Patterson’s studies have sparked controversy because he finds in slavery not an aberration from the Western ideal of freedom but a necessary condition of the notion of freedom itself. This is a theme taken up again in his National Book Award-winning Freedom, Volume 1: Freedom in the Making of Western Culture (1991). For many readers, Patterson’s argument is made all the more difficult because it is hard to acknowledge freedom as a peculiarly Western value. That is, freedom is not inherent, as many Westerners like to believe. Freedom, for Patterson, is a noble sentiment with a less-noble progenitor. The reader is forced to grapple with the interdependence of good and evil.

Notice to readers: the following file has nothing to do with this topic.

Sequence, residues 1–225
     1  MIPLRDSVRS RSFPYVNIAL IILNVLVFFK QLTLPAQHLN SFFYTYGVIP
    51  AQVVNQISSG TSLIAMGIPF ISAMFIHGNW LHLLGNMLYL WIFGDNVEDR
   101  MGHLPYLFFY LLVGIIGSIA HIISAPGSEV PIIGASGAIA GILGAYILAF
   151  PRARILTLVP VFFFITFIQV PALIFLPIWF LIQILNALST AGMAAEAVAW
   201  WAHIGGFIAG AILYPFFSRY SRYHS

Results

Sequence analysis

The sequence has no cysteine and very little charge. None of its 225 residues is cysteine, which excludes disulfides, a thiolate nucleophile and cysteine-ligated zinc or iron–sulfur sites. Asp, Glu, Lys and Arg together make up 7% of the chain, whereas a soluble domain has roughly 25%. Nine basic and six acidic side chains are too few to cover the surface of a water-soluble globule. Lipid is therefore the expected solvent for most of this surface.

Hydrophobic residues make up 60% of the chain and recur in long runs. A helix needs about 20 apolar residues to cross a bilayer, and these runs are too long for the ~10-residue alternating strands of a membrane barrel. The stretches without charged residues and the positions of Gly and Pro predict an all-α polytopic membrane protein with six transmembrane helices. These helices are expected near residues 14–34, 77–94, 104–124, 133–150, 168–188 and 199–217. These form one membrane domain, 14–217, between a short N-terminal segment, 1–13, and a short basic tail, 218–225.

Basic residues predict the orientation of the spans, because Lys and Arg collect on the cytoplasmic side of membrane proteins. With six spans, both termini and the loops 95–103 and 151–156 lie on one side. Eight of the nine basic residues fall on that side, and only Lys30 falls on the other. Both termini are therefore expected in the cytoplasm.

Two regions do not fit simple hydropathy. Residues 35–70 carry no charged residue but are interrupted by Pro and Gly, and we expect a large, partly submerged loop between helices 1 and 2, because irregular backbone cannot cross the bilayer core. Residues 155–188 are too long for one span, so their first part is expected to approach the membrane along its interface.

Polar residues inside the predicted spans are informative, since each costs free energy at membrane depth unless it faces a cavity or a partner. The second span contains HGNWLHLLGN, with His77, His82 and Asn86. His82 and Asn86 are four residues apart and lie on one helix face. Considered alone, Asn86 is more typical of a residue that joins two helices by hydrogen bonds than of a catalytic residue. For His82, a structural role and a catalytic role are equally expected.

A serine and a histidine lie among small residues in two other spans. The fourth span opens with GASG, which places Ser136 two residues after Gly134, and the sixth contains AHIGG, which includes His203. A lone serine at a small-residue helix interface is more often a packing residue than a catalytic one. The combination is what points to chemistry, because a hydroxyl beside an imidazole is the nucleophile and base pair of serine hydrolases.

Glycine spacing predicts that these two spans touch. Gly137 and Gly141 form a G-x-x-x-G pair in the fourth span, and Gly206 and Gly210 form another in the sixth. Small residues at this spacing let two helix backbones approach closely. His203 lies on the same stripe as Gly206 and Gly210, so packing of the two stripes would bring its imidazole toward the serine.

Concerns of the book reflect Patterson’s background as a native of Jamaica who received his early education in the West Indies. In addition, his comparative approach reflects his further training at the London School of Economics as well as his anthropological sophistication. His methods and presentation, however, reflect his training as a sociologist; in reading this book, one must keep in mind that Patterson is neither a philosopher nor a historian.
Slavery and Social Death offers a single coherent theory that challenges deeply rooted assumptions in Western culture. It provides new points of departure for future research, and it speaks to contemporary social issues in Europe, the Caribbean, and the United States. The book raises fundamental issues concerning human psychology and the potentials of social organization. The author is to be commended for his skillful use of the past to explicate the present. He has provided a new and creative synthesis that forces readers to see both past and present from a new and often radically different perspective.